The Trump administration is planning to propose one of the biggest changes to Medicare in decades. The draft rule aims to reduce government spending by linking Medicare drug reimbursement rates to the rates in more than a dozen other Western countries that use price controls to hold down pharmaceutical spending.
If implemented, the rule would effectively bring socialist drug price controls to the United States. Though the government would save some money in the short term, the change would threaten patients’ health and discourage companies from funding experimental treatments for deadly diseases.
The rule impacts Medicare Part B, which covers drugs administered via shots and IV drips in hospitals and doctor’s offices. Most cancer treatments, for instance, are covered through Part B.
Currently, doctors buy these drugs on their own, treat patients, then bill Medicare for reimbursement. The government reimburses physicians for the average price of the medicine in the commercial market, plus a small markup to cover administrative costs.
On average, Part B drugs cost 80 percent more in America than in countries like Canada and the United Kingdom, which impose strict price controls on prescription drugs. If bureaucratic agencies — such as Canada’s Patented Medicine Prices Review Board — deem a drug too expensive, they refuse to cover it. Apparently, the Trump administration thinks these countries have the right idea. Officials at the Department of Health and Human Services believe that tying Medicare reimbursements to the average prices paid for drugs in a handful of foreign countries, where price controls are common, would reduce Part B drug spending by 30 percent.
Americans have little to gain and much to lose from statist price controls.
Drug companies from around the world are eager to launch their products in the United States, where prices are determined by free-market-based negotiations between private-sector firms. Drug companies are far less eager to sell their medicines for pennies on the dollar in price-controlled nations.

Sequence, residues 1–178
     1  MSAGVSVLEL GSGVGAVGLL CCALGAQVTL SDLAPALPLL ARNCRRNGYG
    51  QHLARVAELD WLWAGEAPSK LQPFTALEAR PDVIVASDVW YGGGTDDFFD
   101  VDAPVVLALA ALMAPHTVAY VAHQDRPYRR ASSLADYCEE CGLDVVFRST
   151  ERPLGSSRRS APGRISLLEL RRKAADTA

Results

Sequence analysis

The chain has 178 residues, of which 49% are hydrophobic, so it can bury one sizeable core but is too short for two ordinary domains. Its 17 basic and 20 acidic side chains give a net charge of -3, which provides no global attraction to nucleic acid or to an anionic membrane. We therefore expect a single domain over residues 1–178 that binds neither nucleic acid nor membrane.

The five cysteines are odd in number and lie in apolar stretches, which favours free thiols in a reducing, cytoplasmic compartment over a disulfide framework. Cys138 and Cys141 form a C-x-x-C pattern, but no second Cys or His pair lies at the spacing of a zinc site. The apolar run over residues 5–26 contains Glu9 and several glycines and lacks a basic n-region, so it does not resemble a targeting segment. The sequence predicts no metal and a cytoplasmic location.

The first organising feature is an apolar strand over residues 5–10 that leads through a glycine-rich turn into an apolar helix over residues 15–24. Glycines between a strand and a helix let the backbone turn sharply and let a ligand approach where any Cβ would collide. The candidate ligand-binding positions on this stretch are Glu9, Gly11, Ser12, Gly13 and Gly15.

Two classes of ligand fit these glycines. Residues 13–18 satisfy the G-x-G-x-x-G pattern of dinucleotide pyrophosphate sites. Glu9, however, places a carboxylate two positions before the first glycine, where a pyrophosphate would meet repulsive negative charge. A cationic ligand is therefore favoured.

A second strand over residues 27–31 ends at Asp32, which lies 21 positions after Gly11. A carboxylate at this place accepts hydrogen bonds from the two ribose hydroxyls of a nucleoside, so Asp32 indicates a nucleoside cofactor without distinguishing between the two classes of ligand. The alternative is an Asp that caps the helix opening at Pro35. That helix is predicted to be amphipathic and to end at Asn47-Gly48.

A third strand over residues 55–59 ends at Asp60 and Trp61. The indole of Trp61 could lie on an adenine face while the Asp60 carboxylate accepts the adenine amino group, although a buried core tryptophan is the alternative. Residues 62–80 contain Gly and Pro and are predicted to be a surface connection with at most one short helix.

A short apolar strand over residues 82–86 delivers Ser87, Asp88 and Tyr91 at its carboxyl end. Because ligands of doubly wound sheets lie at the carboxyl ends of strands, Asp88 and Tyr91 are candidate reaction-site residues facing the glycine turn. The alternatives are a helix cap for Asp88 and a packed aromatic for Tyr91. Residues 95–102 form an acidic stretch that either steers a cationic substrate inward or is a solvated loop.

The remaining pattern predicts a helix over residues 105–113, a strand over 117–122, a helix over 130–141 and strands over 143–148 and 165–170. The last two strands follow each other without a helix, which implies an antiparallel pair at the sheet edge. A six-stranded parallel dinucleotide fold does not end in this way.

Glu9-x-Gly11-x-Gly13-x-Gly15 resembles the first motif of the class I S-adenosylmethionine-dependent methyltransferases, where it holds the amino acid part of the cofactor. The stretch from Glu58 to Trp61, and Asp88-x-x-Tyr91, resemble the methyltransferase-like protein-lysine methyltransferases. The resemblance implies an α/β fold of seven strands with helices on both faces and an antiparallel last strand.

Consider that almost 90 percent of drugs launched worldwide in the last eight years are available in the United States. In contrast, only 66 percent are available in the United Kingdom, while less than half are available in Canada.
Price controls wouldn’t merely slow down drug launches and limit Americans’ access to new medicines. They’d also make future medical breakthroughs less likely.
Drug development is a risky undertaking. It can take decades and cost a staggering $2.9 billion to develop a new medicine. Most experimental drugs never even make it out of the lab. And 9-in-10 medicines that succeed in lab and animal testing fail in clinical trials. Manufacturers fund future research with the revenue from just a handful of successful products.
The rule would make drug development far less appealing to investors. If the potential return on investment were capped, companies would have little reason to spend billions trying to develop new medicines.
History shows us what happens to drug development when price controls are employed. Europe was a hotbed of drug innovation in the 1970s, producing over half all drugs worldwide. But European nations gradually ramped up price controls in the ensuing decades.
U.S. leaders resisted that temptation — which explains why America now attracts 75 percent of global biopharmaceutical venture capital investments and develops more than half of the world’s medicines, while Europe invents a mere third of drugs.
Price controls may yield some short-term savings, but they would cost patients dearly in the long run. It’d be a tragic mistake for the administration to press forward with its draft rule.